READ.  The letter R is for Read. I realize that people – in the United States at least – are reading less and less all the time. They may read text-messages, tweets, Facebook, and other social media, but rarely serious articles or books, unless these are required reading for their work or school. But I am convinced that those who never or seldom read serious (not necessarily long) materials are likely having a difficult time finding a strong rudder for their lives.

If you read nothing else (although I hope you do), please read the Bible! This volume with its sixty-six remarkable books is the only God inspired and infallible rudder for your life. Apart from dreams, visions, and other rare divine activities, the biblical books are the only error-free means that God has chosen to reveal himself to humanity throughout the ages. We all desperately need to know this volume! If you don’t know where to read, start at the Gospel of John and read to the end of the Bible. Or start with Philippians and move along from there.

If you are burdened, as I am, about the many around the world who have never learned to read, or do not have the Bible translated into their language, pray, give, and go, as God leads you, to take an active part in Bible translation work, the remarkable ministries of audio and audio-visual versions, and the task of training teachers and pastors who will instruct their non-reading people in both reading skills and understanding the priceless Word of God.

I strongly believe you will benefit most if you read whole books of the Bible straight through, rather than reading only or primarily “selections” from the scriptures. Every line of the Bible is God’s written revelation to you and me, and we should honor both God and the human authors – the ones whom God led so remarkably – by reading each book as it has been preserved for us, so that the scriptures will make the greatest impact on us for good.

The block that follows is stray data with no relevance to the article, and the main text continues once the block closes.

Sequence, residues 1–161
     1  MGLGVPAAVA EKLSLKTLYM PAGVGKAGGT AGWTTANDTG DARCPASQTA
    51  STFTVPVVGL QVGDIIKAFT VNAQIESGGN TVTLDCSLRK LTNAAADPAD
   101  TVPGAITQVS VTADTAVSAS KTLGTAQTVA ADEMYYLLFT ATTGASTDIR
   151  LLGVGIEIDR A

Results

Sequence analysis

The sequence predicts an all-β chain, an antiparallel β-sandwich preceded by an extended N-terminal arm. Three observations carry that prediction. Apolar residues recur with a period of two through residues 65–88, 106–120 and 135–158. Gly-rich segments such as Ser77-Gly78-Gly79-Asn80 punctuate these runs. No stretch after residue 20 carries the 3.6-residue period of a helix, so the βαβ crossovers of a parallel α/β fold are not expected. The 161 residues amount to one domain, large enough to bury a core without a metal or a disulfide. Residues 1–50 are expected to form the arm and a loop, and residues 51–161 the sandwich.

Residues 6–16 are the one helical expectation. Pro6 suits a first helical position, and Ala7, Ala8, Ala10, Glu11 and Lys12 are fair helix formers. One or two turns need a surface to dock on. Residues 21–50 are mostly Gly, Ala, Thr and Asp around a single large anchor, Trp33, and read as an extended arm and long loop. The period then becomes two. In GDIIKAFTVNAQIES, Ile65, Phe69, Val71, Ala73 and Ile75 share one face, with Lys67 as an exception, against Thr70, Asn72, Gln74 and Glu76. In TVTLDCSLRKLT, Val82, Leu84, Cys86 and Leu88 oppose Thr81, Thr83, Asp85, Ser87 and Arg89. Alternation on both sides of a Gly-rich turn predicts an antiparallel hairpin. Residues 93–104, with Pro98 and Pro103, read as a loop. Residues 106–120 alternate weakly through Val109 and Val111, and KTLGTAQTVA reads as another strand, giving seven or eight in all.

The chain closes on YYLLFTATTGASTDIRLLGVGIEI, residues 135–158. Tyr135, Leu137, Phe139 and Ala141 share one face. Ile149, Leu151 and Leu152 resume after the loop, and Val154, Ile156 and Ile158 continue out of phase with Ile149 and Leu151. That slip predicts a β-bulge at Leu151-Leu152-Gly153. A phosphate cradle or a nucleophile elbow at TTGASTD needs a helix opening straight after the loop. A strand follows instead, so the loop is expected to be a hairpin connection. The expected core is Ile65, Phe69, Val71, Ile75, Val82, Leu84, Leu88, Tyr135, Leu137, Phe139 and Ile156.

The important point is not how much you read each day, although reading several chapters at a time, for example, is a very valuable discipline to help see the forest as a whole. When you read a shorter portion on some days – the individual trees – do this in the order of the verses as they are written. So, read for quantity at times, but also read for intensity and specifics – even one sentence or phrase — until you choose to move on.

[I must add that the devotional guide Daily Light On The Daily Path is and has been for many years a truly outstanding guide to millions of God’s people. It is all scripture, each page on a different biblical theme. This recommendation may seem to contradict what I have just written above, but all I will say about that matter now is to urge you to buy it and try it. The compiler spent a great many hours in prayer and seeking God’s direction concerning which verses to gather together for each page. I have read this guide many times over the years, along with my Bible reading as discussed above, and consider it the most important book in shaping my life next to the Bible itself.]

I wish I could shout from the rooftops how valuable reading the Bible is, especially when we pray before we begin, so that we are open to hearing God’s message for us right now with a mind and heart to trust and obey all that the Spirit of God reveals to us. Do not fret about what you don’t understand, but focus on what you do see and are convinced of. This first step of RUTTTOR will work wonders to steer you safely over the seas of your life! “Great peace have those who love your law, and nothing can make them stumble” (Ps. 119:165).

This item may be found, along with other articles and essays, on Dr. Rakestraw’s website, where you may sign up to receive automatically postings such as these and where you may order some of his books. You may contact him at